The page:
6. Sportsnet’s Eric Engels reported Nashville was another team that looked at Kassian. I could see it.
The Predators thought about Chris Stewart at this time last year. Also, don’t forget the organization took great pride in helping Brian McGrattan and Jordin Tootoo restart their NHL careers. If you’re willing to help yourself, they will provide the springboard.
7. During last Saturday’s Headlines, I reported San Jose was doing intel on Kassian, as one of his OHL coaches, Bob Boughner, is on the Sharks’ bench. There was some pushback (although not from the club itself, or the Canadiens), that their interest was not high.
A couple of sources indicated, however, that San Jose is eyeing another possibility with junior ties to the club. Peter DeBoer and Steve Spott were at OHL Kitchener with Mike Richards.
No clarity in his situation yet, but there’s logic here.
8. Lightning owner Jeff Vinik met with Tampa-area reporters Monday as his impressive “Community Heroes” program reached $10M in donations. Asked about Steven Stamkos, Vinik re-iterated his confidence in getting something done.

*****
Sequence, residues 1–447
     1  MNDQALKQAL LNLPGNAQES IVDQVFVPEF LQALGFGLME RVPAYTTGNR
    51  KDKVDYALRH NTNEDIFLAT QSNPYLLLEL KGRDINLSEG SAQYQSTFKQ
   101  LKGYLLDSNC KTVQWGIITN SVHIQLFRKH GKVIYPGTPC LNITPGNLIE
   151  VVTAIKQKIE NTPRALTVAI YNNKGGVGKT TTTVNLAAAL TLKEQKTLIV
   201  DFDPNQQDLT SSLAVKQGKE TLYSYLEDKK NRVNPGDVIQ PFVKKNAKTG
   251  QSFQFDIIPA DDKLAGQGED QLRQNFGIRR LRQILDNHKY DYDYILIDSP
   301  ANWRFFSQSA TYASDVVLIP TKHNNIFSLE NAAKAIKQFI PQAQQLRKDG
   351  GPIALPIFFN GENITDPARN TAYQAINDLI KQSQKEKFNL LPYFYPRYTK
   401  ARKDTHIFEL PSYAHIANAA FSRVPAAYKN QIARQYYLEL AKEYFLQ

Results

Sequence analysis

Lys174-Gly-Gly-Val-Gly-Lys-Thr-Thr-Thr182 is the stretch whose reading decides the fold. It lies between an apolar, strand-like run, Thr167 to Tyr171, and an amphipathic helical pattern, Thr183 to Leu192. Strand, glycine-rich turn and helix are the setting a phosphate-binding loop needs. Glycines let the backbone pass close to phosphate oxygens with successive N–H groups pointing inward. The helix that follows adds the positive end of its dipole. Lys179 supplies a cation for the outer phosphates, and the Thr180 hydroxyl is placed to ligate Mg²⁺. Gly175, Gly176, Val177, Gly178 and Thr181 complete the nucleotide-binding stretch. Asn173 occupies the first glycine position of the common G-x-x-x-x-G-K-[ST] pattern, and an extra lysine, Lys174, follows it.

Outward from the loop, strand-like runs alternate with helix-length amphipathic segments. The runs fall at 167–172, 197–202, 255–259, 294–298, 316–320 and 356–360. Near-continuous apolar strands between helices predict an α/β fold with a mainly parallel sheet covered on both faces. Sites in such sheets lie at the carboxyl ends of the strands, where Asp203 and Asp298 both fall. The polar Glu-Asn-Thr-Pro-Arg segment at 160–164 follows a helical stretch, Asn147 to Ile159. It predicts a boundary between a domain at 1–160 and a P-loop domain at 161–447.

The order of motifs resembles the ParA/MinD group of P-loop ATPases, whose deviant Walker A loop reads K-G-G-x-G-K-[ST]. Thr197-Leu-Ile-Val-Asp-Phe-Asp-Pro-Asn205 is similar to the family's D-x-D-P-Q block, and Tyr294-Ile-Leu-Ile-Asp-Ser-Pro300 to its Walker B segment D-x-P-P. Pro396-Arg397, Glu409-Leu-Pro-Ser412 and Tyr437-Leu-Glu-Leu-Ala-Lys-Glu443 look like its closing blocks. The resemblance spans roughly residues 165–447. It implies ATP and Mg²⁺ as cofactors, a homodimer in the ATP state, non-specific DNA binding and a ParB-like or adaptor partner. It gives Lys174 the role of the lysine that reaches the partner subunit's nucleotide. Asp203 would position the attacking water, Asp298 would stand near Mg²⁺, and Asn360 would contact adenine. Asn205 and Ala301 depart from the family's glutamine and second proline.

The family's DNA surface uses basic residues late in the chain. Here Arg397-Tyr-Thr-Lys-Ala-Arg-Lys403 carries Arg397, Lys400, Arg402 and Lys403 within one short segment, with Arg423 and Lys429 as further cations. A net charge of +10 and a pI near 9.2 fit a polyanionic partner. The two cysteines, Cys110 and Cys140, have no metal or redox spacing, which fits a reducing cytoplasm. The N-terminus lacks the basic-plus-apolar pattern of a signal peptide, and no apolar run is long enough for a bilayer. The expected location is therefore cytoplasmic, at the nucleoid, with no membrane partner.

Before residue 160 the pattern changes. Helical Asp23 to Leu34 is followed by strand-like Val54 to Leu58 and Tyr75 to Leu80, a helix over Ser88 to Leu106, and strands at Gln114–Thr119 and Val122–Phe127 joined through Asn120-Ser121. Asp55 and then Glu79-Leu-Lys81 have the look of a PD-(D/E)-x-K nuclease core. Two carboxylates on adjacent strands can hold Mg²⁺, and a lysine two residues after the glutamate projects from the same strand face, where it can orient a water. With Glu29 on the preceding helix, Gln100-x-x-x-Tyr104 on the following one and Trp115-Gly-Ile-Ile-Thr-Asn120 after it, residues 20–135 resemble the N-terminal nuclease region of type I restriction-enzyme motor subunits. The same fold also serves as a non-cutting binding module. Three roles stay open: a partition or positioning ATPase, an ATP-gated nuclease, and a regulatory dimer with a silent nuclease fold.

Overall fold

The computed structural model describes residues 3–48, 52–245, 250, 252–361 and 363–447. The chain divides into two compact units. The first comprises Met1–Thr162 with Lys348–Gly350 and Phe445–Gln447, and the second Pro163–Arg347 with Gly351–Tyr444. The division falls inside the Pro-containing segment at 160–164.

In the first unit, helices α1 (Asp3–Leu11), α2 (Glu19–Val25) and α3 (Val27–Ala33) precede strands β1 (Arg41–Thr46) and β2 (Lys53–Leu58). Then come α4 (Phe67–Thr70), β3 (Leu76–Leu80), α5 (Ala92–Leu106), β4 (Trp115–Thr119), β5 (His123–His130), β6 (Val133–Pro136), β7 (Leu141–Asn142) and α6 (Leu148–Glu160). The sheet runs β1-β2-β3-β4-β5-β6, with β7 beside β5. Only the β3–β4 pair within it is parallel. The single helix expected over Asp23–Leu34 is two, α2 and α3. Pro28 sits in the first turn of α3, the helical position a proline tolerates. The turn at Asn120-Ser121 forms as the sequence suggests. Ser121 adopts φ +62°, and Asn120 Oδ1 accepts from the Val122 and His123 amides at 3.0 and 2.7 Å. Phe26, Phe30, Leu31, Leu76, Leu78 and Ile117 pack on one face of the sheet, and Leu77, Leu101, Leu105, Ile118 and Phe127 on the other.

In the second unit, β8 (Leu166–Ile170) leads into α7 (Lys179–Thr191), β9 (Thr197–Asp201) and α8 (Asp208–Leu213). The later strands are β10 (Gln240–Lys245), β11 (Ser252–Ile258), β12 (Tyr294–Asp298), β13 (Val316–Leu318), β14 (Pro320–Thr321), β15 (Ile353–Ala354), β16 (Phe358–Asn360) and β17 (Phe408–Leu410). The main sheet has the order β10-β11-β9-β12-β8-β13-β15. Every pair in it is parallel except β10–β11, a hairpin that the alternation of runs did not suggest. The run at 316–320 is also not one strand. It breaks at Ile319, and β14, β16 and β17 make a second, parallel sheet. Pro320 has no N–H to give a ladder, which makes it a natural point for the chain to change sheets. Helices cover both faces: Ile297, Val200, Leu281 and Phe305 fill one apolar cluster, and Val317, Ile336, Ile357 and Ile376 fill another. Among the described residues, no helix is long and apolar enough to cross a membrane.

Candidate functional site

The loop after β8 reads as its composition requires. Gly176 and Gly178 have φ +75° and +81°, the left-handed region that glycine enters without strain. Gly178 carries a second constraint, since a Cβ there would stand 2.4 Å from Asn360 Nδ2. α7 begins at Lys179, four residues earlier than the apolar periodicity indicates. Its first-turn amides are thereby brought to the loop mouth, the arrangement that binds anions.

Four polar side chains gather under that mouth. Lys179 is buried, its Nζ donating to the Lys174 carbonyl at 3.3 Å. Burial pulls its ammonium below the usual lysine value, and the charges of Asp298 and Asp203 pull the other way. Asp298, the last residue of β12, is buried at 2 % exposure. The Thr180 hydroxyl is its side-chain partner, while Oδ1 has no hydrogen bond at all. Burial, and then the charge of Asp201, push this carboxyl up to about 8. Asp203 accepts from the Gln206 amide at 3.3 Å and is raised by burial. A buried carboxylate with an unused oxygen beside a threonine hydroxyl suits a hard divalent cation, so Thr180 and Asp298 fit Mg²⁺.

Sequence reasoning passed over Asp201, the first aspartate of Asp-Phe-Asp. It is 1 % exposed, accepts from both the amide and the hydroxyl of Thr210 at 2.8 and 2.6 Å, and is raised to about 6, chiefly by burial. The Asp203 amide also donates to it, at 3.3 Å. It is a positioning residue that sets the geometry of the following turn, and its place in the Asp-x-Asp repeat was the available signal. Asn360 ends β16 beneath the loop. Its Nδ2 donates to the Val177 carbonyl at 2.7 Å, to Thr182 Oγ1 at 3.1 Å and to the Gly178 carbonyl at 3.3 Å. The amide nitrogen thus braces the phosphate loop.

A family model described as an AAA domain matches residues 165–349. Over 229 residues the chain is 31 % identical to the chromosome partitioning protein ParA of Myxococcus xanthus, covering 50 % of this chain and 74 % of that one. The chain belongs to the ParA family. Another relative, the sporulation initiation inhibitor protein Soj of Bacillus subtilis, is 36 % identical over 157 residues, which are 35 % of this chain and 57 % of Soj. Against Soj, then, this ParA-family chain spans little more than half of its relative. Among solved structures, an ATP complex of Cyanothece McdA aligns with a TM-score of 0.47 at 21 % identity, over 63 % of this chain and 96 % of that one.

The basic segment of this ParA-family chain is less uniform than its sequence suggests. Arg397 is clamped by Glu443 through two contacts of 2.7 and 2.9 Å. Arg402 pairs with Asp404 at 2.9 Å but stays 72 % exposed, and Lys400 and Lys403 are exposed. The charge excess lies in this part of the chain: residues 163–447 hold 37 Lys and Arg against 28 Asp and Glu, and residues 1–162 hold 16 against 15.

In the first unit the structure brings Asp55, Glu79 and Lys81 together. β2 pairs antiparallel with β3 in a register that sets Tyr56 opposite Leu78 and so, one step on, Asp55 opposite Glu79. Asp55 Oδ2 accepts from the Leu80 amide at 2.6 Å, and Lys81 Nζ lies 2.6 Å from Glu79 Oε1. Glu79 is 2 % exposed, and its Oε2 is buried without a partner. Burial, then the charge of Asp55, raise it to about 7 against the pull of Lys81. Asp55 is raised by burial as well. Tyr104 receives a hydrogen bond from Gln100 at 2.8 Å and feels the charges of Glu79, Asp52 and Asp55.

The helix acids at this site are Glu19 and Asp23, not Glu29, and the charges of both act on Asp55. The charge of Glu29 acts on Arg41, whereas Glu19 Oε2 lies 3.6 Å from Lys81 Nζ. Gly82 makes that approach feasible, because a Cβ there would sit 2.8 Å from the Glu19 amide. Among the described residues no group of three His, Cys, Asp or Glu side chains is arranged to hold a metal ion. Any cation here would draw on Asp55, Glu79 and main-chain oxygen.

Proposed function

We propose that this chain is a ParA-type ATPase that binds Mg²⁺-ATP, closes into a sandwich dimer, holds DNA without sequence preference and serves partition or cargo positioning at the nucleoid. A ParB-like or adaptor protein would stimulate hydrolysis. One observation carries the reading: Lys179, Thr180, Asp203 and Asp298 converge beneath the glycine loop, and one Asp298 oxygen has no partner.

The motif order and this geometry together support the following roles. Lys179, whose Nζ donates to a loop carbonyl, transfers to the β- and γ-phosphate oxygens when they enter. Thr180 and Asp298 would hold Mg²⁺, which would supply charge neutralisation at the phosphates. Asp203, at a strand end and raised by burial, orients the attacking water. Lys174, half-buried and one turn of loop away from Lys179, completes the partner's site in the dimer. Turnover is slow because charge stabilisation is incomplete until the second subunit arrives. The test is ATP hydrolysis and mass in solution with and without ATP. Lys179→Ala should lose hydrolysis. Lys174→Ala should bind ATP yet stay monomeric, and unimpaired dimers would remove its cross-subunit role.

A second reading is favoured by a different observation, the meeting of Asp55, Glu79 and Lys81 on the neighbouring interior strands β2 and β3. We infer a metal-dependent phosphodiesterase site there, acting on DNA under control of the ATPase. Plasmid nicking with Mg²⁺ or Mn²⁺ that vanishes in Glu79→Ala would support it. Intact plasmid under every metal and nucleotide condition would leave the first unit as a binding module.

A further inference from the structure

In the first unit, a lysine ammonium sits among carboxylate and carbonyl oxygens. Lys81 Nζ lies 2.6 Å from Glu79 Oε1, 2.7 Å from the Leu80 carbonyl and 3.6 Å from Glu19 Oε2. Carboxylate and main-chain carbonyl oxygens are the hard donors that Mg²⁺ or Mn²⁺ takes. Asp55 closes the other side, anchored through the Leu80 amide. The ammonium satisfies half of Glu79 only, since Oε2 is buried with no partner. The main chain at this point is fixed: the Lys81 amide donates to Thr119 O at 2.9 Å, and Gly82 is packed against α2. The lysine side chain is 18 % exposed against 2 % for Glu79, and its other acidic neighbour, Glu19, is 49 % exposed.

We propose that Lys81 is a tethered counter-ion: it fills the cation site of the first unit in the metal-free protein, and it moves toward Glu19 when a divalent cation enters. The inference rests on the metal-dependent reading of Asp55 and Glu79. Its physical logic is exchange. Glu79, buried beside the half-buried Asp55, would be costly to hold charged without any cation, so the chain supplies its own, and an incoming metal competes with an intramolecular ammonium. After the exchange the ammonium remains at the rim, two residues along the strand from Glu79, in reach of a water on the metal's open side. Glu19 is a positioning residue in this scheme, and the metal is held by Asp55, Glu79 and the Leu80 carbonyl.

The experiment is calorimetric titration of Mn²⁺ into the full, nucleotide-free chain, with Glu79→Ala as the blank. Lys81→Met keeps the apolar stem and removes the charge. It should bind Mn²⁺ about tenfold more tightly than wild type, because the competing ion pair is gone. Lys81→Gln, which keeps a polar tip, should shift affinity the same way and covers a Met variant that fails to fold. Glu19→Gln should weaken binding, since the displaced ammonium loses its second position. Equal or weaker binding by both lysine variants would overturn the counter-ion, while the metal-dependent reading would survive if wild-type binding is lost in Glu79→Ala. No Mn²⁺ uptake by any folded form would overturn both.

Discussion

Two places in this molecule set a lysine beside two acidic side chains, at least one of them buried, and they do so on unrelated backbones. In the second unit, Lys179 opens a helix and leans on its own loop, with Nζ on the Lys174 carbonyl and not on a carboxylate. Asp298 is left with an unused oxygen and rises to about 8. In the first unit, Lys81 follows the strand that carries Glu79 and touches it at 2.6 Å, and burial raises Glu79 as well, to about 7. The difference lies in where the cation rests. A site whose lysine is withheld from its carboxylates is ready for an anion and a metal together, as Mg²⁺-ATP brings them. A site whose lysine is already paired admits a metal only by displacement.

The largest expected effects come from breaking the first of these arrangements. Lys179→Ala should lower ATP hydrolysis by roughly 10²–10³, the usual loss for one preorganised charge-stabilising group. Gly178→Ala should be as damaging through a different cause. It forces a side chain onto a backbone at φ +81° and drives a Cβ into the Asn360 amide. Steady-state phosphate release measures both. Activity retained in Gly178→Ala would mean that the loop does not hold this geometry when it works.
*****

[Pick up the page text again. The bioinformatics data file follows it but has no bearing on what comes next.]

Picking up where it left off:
Over the Christmas break, I remembered an ages-old conversation with former Texas Ranger Ivan Rodriguez. Paraphrasing here, but, in 1997, Rodriguez was a pending free agent. There was little progress on a new contract, so the team traded for Jim Leyritz days before the deadline. Rodriguez walked into the team president’s office and re-started the process. He said he asked what the team wished to pay, explained that he wanted to stay, moved up the number (“a little,” he said with a smile) and handed talks back to his agent. Days later, the deal was done. (He became the highest-paid catcher in baseball history at the time.)
As I’ve written/said before, I believe Stamkos’s first choice is to stay. And I wonder if this an approach to consider. One way or another, he’s going to learn what the Lightning truly think. That forces everyone into the decisions that must be made.
9. Jeff Gorton’s kept a low profile since becoming the Rangers’ GM, but whether he speaks publicly or not, we’re going to get a good idea of what he really thinks about his team.
Even when they led the Metropolitan Division, coach Alain Vigneault warned it was a mirage. He’s proven correct. I still think New York makes the playoffs, but if they don’t, the first-round pick they traded to the Arizona (Keith Yandle) slides to 2017.
This is purely me thinking, but what other picks could they get for a Dominic Moore or a Yandle? And, if they really decided to go big, they could test the market on a Rick Nash (who has no-trade protection). Be curious to see if a contender thought he might be a critical piece.